Crucial NFL decision sets up scenario not seen since 1935

Buffalo Bills, Devin Singletary (Photo by Kirk Irwin/Getty Images)
Buffalo Bills, Devin Singletary (Photo by Kirk Irwin/Getty Images) /

Not since the 1935 NFL season has a regular season concluded without all teams having played in the same number of games. That is set to change.

Amid Damar Hamlin’s continued recovery from the cardiac arrest he suffered following a hit in Monday night’s game between the Buffalo Bills and Cincinnati Bengals, the NFL slowly but surely shifted its focus to potential rescheduling options for the crucial AFC showdown.

The game was suspended and then postponed with 5:58 remaining in the first quarter, with the Bengals leading the AFC East champions by a score of 7-3.

With just one week remaining in the regular season and the NFL seemingly aiming to avoid altering the playoff schedule, one of the options on the table was simply not continuing the game and declaring it a no contest, which would mean that the AFC playoff seeding would be determined by win percentage.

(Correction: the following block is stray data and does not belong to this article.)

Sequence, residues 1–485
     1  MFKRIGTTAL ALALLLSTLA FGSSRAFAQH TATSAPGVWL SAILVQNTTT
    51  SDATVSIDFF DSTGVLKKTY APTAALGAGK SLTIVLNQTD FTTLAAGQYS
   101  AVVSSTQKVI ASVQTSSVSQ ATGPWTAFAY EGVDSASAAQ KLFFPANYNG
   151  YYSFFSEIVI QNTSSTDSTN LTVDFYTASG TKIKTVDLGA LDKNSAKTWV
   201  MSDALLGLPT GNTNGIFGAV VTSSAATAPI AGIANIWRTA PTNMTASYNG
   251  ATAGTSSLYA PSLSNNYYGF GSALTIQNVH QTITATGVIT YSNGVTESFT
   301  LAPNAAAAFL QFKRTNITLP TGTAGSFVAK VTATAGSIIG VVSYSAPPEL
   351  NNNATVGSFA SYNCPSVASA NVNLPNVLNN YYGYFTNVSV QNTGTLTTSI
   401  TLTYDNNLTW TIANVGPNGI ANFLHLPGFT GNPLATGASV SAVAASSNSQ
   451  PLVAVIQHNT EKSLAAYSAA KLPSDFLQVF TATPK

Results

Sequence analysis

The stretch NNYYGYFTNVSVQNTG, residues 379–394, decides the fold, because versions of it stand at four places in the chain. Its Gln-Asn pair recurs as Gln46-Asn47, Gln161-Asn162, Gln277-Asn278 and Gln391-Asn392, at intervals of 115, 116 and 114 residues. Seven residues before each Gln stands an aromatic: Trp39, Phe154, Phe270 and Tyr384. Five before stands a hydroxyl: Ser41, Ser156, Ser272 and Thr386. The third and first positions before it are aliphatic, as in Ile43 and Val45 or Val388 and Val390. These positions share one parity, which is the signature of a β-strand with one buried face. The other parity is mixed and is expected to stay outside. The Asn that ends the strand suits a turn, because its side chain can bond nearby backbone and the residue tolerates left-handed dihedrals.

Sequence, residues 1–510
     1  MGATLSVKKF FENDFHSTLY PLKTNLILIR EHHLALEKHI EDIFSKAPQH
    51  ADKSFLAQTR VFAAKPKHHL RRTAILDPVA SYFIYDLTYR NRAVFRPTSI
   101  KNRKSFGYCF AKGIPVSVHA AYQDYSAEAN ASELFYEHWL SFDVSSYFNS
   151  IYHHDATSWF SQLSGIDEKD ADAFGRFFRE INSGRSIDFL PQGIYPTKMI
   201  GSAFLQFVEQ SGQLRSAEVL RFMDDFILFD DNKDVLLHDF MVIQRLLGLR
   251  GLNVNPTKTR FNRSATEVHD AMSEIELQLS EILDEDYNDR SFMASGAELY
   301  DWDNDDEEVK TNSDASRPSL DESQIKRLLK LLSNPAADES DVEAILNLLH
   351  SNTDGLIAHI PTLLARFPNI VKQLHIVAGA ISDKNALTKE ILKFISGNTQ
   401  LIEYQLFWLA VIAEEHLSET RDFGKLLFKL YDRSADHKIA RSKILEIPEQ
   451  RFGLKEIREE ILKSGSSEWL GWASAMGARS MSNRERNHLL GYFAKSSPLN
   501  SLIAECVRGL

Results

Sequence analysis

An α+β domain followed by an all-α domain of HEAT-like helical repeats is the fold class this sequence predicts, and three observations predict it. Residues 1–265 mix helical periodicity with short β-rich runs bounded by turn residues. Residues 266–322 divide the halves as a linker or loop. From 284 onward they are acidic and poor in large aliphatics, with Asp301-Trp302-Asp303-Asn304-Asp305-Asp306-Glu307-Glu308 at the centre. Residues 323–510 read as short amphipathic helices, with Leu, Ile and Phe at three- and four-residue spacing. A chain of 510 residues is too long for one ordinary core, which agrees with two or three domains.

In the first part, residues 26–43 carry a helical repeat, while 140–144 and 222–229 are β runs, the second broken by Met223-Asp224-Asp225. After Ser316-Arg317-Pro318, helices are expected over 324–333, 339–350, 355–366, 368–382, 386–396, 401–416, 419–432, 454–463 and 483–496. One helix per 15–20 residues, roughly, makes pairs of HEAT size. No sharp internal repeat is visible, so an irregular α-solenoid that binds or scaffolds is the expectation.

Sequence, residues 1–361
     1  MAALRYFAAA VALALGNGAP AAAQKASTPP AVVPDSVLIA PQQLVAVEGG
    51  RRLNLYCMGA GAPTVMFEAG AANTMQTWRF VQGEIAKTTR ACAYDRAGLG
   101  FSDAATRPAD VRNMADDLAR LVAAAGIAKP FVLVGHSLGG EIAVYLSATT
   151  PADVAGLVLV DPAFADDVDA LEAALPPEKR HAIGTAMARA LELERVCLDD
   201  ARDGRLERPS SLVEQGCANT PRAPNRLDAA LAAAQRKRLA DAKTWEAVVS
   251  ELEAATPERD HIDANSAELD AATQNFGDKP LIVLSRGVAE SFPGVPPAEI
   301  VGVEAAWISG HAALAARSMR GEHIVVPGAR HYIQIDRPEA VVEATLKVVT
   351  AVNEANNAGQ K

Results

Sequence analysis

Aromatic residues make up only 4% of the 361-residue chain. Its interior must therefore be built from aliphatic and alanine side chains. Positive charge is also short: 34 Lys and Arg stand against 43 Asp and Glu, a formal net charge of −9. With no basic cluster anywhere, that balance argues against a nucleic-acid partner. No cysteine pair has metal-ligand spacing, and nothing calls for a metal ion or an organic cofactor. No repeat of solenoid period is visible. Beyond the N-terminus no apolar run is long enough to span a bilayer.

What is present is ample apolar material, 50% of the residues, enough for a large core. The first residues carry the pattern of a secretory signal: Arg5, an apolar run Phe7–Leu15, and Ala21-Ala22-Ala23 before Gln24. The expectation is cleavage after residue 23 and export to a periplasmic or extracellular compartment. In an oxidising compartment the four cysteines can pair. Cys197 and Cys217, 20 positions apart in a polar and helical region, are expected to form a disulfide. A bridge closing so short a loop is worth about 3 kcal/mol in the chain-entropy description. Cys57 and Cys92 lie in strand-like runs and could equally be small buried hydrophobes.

That is ultimately what the league decided, though they are exploring options to modify homefield advantage and seeding in the AFC as a result of the postseason implications Monday’s game would have had.

The cancellation of this game means that an NFL regular season is set to conclude without all teams having competed in the same number of games.

Such a scenario hasn’t unfolded in 87 years. The 1935 season was just the 16th regular season of the National Football League, and there were just nine teams in the league: five in the Eastern Division and four in the Western Division.

Seven teams played 12 games, but a game between the Boston Redskins and the Philadelphia Eagles was canceled due to inclement weather. As a result, those two teams both ended the year having only competed in 11 games.

Ironically, had that game not been canceled, the 1935 season would have been the first to finish with all teams having competed in the same number of games. It wasn’t until the 1936 season when the standardization of the league’s schedule was formalized.

In 1936, all teams played 12 games. From 1937 to 1942 and again in 1946, they all played 11. From 1943 to 1945, they all played 10.

A 12-game schedule was reintroduced in 1947 and used through 1960 before the schedule expanded to 14 games. In 1978, a 16-game schedule was introduced, and in 2021, a 17th game was added.

The 2022 season was set to become the second straight season in which all 32 teams played 17 games, but the NFL’s decision on the Bills vs. Bengals game changed that.

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